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A new study prepared for the United States Department of Defense (DoD) by the National Research Council has given the seal of approval on the importance of green-building certification programs as tools to reduce energy use and other operational costs. “This reaffirmed what we’ve been saying all along – that LEED makes good economic sense,” said Fleming Roberts, Associate, Policy & Advocacy at the US Building Council. “The report recommended that the Department of Defense should require its new buildings or major renovations to be designed to achieve at least LEED Silver certification.” More →

Room for improvement in public sector workplace management

Portcullis HouseLast week technology company Citrix announced that the UK Government could cut its property costs by a third by adopting flexible working policies. It used a Freedom of Information request to discover how much space each public sector employee in the UK is allocated and how much it costs then applied a formula to work out how this would be affected by greater adoption of flexible working. What was interesting was not just the up-front argument you would expect from an ICT provider but also the discovery that the average employee is allocated 1.1 workstations with some enjoying 1.6. More →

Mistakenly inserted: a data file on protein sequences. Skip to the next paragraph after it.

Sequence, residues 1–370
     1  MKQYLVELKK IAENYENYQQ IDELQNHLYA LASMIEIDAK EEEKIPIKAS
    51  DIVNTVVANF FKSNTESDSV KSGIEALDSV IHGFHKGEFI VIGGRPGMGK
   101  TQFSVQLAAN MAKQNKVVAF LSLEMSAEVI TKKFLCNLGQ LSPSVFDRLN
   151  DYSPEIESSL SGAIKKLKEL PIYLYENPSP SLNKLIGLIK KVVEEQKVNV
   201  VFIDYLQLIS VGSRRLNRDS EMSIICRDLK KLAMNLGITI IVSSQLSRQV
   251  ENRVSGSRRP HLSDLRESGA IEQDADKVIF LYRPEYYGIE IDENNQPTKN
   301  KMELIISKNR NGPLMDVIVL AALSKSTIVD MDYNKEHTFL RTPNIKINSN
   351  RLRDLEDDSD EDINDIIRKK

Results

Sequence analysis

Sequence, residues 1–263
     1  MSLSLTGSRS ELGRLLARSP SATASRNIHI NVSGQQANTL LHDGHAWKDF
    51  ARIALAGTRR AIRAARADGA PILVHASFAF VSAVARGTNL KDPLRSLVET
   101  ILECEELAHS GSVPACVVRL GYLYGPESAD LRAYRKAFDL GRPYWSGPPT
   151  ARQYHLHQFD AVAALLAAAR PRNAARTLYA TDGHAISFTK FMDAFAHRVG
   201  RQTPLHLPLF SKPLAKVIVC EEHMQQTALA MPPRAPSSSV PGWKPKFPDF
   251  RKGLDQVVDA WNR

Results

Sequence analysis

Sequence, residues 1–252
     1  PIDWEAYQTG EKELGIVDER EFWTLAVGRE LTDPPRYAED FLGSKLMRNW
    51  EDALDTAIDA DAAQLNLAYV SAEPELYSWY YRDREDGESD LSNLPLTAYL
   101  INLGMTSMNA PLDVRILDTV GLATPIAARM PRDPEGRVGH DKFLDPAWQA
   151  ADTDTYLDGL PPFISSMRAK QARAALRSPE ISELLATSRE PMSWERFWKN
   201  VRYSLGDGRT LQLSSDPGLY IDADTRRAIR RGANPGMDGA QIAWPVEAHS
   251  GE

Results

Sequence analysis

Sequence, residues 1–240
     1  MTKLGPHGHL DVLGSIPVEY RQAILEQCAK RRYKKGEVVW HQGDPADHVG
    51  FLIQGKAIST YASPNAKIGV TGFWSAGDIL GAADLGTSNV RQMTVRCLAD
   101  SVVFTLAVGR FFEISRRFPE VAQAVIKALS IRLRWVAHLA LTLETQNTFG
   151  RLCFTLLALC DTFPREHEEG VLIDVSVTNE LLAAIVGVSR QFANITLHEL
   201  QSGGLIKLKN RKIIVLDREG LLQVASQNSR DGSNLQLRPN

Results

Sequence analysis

UK government to ban tax cheats from winning public sector work

white-hall-placeThe UK Treasury yesterday announced new rules that would mean that it can ban firms who avoid tax illegally from winning public sector contracts. The new system will come into force as early as April 1 of this year, leaving little time for consultation and are outlined in draft guidance published for consultation by the Government. It will require potential suppliers to notify contracting departments of their recent tax compliance history and to tell the department if any tax return has recently been found to be incorrect and if they have been convicted for tax related offences or subject to a penalty for civil fraud or evasion. Departments will be able to disqualify any bidder meeting these criteria from the procurement process.